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ALTERNATIVES

Why Ecosocialism: For a Red-Green future

Michael Löwy writes: Capitalism, driven by the maximization of profit, is incompatible with a just and sustainable future. Ecosocialism offers a radical alternative that puts social and ecological well-being first. Attuned to the links between the exploitation of labor and the exploitation of the environment, ecosocialism stands against both reformist “market ecology” and “productivist socialism.”

Seeing Wetiko: An interview with Alnoor Ladha

From Gaia Foundation: Alnoor Ladha, a founding member of the activist platform The Rules, which tries to “connect the dots between the various issues that are happening in the world to reveal the underlying antagonist: the economic operating system itself.” Here, he speaks on culture, technology and the cannibalistic economic system consuming life on Earth.

What It Will Take: Rejecting Dead-Ends and False Friends in the Fight for the Earth

Carol Dansereau writes: Is there a place for incremental reforms in our struggle to save humanity? Yes. But support for such reforms must be carried out in the context of our larger goal: securing and using real power through democratically managed public-ownership and guaranteed economic rights. Everything we do needs to feed into that goal.

Herman Daly reviews ‘Collision Course: Endless Growth on a Finite Planet’

In this book, Kerryn Higgs traces the rise of economic growth to the status of the number one goal of nations, and how this pernicious idea prevailed over carefully reasoned counter-arguments through well-funded, carefully orchestrated propaganda. Its a kick in the head for those of us who believe in the persuasive power of reasoned argument.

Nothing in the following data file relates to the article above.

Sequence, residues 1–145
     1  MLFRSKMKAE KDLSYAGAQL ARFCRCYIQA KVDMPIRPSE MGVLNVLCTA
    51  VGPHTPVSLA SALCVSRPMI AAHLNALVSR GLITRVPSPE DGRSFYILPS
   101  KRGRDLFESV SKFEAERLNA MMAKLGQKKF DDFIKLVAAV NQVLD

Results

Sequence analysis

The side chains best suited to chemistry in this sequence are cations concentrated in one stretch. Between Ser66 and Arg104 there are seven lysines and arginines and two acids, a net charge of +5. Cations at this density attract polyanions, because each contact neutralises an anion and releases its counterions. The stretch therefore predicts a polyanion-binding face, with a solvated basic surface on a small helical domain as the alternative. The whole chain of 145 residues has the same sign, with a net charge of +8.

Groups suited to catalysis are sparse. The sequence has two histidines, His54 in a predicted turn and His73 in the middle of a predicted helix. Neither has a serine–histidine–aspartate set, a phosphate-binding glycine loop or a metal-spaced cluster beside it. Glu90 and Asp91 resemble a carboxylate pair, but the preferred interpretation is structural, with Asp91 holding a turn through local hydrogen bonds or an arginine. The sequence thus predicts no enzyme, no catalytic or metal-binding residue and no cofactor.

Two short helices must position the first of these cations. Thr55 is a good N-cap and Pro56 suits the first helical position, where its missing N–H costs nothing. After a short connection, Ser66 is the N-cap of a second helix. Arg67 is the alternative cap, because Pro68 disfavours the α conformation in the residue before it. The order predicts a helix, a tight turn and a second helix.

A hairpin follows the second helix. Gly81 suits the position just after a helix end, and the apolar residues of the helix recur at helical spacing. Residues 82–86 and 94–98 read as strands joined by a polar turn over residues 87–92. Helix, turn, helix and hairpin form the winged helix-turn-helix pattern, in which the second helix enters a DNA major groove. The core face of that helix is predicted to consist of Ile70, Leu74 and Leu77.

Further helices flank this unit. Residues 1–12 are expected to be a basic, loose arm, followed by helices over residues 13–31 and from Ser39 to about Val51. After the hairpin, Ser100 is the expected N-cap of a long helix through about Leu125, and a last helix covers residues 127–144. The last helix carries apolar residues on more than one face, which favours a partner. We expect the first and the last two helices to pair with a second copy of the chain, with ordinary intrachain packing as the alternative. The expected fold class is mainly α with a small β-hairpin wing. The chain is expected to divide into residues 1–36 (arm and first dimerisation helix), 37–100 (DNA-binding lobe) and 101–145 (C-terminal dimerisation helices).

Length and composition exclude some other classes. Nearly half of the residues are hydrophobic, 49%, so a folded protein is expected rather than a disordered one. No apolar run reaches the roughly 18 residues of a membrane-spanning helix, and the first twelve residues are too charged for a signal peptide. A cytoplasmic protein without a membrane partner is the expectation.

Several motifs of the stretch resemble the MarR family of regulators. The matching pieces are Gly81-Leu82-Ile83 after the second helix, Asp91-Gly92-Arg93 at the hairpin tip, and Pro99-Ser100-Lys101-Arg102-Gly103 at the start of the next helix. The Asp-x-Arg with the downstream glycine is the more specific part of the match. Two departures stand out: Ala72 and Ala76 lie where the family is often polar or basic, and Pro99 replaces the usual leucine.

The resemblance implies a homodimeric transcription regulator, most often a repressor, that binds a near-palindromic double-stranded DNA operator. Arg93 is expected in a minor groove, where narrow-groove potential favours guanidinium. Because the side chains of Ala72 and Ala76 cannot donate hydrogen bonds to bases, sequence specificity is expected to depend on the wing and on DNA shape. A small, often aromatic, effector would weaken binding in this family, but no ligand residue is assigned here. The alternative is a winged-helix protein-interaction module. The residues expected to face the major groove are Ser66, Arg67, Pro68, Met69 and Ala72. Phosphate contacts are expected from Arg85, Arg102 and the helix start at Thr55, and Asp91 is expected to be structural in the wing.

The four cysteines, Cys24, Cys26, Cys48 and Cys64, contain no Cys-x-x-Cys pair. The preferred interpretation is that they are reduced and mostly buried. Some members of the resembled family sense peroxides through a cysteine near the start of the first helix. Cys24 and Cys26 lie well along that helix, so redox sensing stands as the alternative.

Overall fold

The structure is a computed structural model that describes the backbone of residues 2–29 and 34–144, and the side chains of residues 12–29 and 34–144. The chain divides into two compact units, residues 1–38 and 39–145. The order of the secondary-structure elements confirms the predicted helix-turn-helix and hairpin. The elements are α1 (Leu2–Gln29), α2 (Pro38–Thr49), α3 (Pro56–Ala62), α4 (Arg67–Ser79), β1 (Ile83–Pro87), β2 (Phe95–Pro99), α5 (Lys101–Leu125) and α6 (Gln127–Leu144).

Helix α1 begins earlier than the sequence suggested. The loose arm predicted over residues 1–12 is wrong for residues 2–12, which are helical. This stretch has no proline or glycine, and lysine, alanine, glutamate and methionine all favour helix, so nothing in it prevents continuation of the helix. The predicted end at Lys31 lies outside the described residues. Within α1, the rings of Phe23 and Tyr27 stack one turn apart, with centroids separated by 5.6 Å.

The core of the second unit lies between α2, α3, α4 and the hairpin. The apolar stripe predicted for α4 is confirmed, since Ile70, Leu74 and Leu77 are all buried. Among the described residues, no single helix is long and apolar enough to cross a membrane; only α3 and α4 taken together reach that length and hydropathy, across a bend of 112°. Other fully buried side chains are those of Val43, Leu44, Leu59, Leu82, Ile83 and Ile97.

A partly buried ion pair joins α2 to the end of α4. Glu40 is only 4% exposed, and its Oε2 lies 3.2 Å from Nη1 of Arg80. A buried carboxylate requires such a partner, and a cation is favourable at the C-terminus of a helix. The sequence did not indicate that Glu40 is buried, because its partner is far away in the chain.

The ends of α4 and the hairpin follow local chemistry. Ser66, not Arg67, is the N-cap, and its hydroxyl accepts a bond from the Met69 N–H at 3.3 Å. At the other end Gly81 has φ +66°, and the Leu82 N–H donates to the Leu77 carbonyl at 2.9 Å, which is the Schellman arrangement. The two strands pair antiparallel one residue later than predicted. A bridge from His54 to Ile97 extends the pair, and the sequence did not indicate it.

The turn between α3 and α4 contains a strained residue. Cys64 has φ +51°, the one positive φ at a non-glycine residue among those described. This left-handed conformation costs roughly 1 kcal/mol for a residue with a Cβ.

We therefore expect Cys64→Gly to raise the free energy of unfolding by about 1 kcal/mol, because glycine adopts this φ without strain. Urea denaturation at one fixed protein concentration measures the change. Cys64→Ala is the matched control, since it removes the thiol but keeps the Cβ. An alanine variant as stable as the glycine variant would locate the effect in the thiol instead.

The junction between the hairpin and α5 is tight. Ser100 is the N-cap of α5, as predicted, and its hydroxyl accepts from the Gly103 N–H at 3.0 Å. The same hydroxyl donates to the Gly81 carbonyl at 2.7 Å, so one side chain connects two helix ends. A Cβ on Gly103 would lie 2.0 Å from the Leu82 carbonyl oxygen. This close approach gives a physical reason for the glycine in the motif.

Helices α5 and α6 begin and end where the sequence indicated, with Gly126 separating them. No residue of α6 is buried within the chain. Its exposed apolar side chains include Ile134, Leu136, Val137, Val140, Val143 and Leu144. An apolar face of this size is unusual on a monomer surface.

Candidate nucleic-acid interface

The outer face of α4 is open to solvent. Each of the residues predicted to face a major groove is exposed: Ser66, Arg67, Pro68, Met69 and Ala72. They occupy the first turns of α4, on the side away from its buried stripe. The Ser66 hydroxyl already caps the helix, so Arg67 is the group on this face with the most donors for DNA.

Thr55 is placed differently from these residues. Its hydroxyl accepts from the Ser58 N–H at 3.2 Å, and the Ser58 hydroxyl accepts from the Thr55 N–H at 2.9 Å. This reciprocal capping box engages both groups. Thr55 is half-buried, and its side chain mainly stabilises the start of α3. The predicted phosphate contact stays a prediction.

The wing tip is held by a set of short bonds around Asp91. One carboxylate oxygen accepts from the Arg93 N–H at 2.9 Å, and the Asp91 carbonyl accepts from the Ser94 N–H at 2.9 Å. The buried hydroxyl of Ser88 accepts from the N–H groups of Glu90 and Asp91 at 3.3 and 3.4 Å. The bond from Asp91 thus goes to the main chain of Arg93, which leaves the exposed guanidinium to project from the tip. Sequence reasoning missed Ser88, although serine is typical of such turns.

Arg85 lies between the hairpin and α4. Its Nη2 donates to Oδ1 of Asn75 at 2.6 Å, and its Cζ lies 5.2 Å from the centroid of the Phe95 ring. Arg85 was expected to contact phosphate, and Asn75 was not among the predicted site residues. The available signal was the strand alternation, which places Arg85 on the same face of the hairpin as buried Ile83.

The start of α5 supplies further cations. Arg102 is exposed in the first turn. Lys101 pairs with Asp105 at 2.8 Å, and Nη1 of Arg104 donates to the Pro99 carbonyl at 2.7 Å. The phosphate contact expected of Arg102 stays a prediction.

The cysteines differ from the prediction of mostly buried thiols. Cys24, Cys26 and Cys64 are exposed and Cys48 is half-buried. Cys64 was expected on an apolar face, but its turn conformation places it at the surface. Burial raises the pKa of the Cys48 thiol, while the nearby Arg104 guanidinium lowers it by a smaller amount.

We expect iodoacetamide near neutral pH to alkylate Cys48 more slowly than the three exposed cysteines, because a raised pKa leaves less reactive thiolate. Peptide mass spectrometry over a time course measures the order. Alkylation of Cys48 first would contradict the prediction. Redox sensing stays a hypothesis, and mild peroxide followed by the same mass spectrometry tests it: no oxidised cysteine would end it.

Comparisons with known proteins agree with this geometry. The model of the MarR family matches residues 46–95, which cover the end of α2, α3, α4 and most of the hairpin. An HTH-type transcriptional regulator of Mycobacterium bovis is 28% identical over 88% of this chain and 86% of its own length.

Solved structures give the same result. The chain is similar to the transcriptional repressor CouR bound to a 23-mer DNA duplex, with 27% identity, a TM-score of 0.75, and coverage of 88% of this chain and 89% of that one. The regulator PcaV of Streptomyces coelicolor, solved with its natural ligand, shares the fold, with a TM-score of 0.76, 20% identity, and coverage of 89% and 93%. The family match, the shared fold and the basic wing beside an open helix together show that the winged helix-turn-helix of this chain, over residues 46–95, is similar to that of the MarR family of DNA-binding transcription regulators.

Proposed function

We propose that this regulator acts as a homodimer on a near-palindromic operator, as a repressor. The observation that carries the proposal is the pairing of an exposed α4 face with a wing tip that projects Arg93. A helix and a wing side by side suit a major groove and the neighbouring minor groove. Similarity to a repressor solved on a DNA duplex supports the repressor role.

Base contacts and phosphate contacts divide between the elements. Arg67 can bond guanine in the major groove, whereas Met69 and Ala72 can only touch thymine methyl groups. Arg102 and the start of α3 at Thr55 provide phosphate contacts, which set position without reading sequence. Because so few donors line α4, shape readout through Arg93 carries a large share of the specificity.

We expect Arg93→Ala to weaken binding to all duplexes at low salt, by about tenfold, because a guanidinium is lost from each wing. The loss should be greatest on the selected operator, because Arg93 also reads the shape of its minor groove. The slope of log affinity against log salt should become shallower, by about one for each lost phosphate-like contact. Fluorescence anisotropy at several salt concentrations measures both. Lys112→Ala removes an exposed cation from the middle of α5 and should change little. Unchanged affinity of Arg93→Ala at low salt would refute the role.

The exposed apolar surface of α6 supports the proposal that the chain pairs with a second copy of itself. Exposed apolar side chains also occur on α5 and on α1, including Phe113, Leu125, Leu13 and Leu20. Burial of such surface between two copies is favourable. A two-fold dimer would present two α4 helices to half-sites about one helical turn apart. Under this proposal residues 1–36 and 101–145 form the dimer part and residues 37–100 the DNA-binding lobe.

After Sri Lanka passed bans on lethal varieties of pesticide, suicides fell by half

From Vox.com: Sri Lanka is perhaps the most famous case of suicides falling after a selective pesticide ban. One study estimated that the suicide rate in the country fell by half after it banned certain pesticides in 1995. According to the World Health Organization, at least 110,000 people commit suicide by consuming pesticides each year.

The Sunrise Movement and the ‘Green New Deal’: Climate hope from Trump’s America?

Naomi Klein writes on the game-changing proposal for a ‘Green New Deal’ mooted by popular U.S. politician Alexandria Ocasio-Cortez. Also, an inside view of the youth climate movement unexpectedly making waves in Trump’s America, and an interview with co-founder Varshni Prakash. Also included is a critical take on the Green New Deal by Don Fitz.

The great Indian irrigation deceit

J. Harsha, Director, Central Water Commission, writes: India fails to deliver water in time, and in adequate quantities to small landholdings (< 1 hectare) belonging to marginal farmers (constituting 85 per cent of total farmers) cultivating in 43.64 million hectares of canal-irrigated areas. The impact of this great Indian irrigation deceit is enormous on agriculture